Note from Beth: One of the things that I enjoyed most about IFCAsia was the networking opportunities to connect with other people in the region who share interests. One of them was Vincent Law who is doing interesting work with teaching young children about giving and philanthropy. When he told me the name of his program, I got excited because I had done a lot of research and writing about “PhilanthroKids” and he mentioned he was inspired in part by that post. He has taken the idea and created an amazing program. Read on for more. We know that young people like Generation Z are future donors, so programs that help introduce philanthropy at a young age will a big pay off down the road.
Empower Young Children through Philanthropy – guest blog post by Vincent Law, CEO and Founder at PhilanthroKids Academy
As you might know, the English word ‘Philanthropy’ has a Greek origin. It has two parts: ‘philos’ meaning ‘loving’ and ‘anthropos’ means ‘human being’. In other words, philanthropy means the love of mankind. Throughout history, philanthropy plays a very important role because it directly impacts our wellbeing. Different culture has different understanding of philanthropy and we use different words to represent various aspects of the concept. In most cultures, philanthropy existed a long time ago.
The world’s largest association in advancing philanthropy is probably the Association of Fundraising Professionals (AFP) in the US. Founded in 1960, it has more than 30,000 members in over 240 chapters around the world. Not only as a professional member, I served as a chapter president and on International Board of Directors for the past 4 years. Each year AFP organizes an international fundraising conference, attracting more than 4000 professionals from 60 different countries to attend over 100 different sessions over 3 days. In 2010, the conference was held in Baltimore, Maryland. At one of the pre-conference master classes, I met 2 young women from Cairo. One of them was the curator of the world largest archaeological museum, Grand Egyptian Museum.
It was her first time to attend such a large conference. I was there as a new trainer. She came up to me and said she was very impressed by the history of American philanthropy and the AFP professionalism. I then said to her ‘Don’t you know that Egyptian has a longer history of philanthropy than the Americans?’ On the first page of the 300 page manual in your hand, it was written, Throughout history, since the Egyptian Book of the Dead 6,000 years ago, people have believed that helping others was a key to happiness and good works.’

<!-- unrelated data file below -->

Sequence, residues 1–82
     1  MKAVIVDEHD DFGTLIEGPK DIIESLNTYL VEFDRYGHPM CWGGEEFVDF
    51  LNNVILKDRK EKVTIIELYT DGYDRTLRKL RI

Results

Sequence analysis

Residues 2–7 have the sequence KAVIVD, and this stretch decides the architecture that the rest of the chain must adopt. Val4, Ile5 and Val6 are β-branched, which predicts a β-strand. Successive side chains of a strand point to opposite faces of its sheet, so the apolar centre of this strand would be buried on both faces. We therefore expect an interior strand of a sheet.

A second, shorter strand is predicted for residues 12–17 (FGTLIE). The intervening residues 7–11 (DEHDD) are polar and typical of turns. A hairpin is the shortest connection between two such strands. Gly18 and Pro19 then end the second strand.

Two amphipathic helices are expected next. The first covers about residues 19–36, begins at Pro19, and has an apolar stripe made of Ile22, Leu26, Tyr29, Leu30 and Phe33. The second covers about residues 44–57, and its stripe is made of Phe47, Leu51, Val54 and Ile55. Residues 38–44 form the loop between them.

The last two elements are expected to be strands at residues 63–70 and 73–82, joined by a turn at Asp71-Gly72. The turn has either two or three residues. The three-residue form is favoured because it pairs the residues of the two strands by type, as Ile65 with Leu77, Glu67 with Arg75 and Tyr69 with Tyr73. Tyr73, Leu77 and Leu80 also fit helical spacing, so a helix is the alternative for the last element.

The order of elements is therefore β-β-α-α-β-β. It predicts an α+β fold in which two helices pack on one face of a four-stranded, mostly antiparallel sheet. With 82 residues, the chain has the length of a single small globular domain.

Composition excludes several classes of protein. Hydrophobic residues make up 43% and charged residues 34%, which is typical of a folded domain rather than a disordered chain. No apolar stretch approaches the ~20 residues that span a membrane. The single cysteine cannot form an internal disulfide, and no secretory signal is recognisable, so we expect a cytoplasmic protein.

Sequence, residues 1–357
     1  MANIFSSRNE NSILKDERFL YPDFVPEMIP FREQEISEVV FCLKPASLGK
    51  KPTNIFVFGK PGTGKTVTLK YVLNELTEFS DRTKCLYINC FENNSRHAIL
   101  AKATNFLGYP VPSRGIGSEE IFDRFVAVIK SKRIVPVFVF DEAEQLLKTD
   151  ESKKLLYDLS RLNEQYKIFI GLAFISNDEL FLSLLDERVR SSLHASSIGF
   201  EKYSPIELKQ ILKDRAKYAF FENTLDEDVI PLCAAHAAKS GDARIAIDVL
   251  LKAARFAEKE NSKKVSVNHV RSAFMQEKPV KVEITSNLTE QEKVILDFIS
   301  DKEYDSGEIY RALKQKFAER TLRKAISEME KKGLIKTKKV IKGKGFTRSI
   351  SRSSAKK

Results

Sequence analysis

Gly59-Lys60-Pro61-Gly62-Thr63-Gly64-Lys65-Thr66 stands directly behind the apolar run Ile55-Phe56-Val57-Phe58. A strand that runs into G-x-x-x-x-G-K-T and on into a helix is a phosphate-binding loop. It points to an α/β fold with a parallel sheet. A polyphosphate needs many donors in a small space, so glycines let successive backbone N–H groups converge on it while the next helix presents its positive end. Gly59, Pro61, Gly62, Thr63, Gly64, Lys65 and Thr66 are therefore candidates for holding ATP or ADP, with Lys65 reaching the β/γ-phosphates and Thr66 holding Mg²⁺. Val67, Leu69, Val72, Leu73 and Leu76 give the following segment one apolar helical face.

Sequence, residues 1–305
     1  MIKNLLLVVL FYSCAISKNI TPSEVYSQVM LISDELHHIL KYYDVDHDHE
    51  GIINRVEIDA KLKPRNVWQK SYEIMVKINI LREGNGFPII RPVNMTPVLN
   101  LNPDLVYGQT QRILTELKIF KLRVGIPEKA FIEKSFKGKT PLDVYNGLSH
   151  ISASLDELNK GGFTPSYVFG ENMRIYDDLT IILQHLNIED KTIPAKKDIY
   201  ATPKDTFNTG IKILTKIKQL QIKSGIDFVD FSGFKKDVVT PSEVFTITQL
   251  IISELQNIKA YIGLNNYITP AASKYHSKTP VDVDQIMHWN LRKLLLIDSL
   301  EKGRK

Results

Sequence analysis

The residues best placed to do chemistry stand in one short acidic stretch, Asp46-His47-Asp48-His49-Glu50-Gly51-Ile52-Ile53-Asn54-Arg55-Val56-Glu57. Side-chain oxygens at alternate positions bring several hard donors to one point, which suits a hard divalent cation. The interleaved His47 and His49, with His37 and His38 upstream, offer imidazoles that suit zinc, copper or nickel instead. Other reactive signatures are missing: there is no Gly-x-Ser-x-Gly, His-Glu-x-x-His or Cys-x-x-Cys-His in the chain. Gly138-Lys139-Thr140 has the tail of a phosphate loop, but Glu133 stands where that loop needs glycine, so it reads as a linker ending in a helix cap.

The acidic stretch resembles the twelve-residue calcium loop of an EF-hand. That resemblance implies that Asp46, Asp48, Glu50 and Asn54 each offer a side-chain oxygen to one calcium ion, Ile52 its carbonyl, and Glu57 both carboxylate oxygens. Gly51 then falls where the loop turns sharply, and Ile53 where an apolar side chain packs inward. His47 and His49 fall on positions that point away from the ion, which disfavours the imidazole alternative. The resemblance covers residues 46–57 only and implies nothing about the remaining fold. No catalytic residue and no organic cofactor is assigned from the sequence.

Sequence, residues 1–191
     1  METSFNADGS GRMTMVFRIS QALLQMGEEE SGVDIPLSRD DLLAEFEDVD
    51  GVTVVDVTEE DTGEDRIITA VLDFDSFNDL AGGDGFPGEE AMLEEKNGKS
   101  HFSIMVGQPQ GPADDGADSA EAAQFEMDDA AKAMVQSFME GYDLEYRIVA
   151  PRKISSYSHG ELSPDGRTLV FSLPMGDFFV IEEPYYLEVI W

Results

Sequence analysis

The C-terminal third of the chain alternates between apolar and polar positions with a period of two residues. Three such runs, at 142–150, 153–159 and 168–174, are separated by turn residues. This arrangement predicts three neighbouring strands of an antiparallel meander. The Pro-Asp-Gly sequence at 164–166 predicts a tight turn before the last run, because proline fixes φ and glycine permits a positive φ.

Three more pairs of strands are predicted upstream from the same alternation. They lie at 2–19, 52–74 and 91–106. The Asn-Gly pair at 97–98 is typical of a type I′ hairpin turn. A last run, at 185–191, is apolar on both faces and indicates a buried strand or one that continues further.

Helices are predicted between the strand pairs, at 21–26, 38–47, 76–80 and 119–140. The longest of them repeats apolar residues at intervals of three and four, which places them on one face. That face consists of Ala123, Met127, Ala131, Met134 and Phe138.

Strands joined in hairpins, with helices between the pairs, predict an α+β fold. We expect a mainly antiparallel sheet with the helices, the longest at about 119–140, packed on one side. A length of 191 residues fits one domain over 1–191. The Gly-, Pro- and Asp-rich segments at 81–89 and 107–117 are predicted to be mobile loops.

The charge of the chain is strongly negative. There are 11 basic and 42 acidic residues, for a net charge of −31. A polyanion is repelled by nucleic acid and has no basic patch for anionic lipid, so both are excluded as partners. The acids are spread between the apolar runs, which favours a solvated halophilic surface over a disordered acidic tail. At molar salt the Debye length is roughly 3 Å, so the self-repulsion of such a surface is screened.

So while we admire the wonders and success of others in philanthropy, we could have a look at our own culture and we might find a longer and more impactful history of philanthropy in our own society.
Kids in Philanthropy
Among various kinds of philanthropy, I have a passion for children’s well-being especially the psychological aspects. So in 2006 I founded a charity called Child Psychoecology Foundation (CPF). Our aim is to promote the psychological well-being of young children in Hong Kong through parent-child activities using media such as art, music, drama and story-telling. We organize educational talks, workshops, exhibitions and public performances. In our 10th anniversary, CPF collaborates with AFP to develop a philanthropy program for young children aged 3-12. The purpose is to empower young children through engaging them in philanthropy. We call this program ‘PhilanthroKids’ or Kids In Philanthropy (KIP) because it complements their youth program ‘Youth In Philanthropy, which is designed for teenagers from aged 13-18 and this extends the professional training of fundraising practitioners to philanthropy education of young children and their parents.
International Statement of Ethical Principles & 10 Principal Values of Philanthropy
The PhilanthroKids Programme is created based on values from the International Statement of Ethical Principles in Fundraising which was signed by more than 30 associations around the world in Holland in 2006. The Statement contains Five Universal Principles guiding professionals engaging in philanthropy which are Honesty, Respect, Integrity, Empathy and Transparency. These international standards not only are recognized by practitioners, they are also valued by philanthropists.
Based on the Five Universal Principles, we develop the Ten Principal Values of Philanthropy which include Kindness, Honesty, Respect, Openness, Generosity, Gratitude, Sympathy, Empathy, Responsibility and Trustworthiness. These fundamental values help children develop their philanthropic characters in life. Of course there are many important life values but these values are essential to philanthropy and transcend across different culture, race and faith.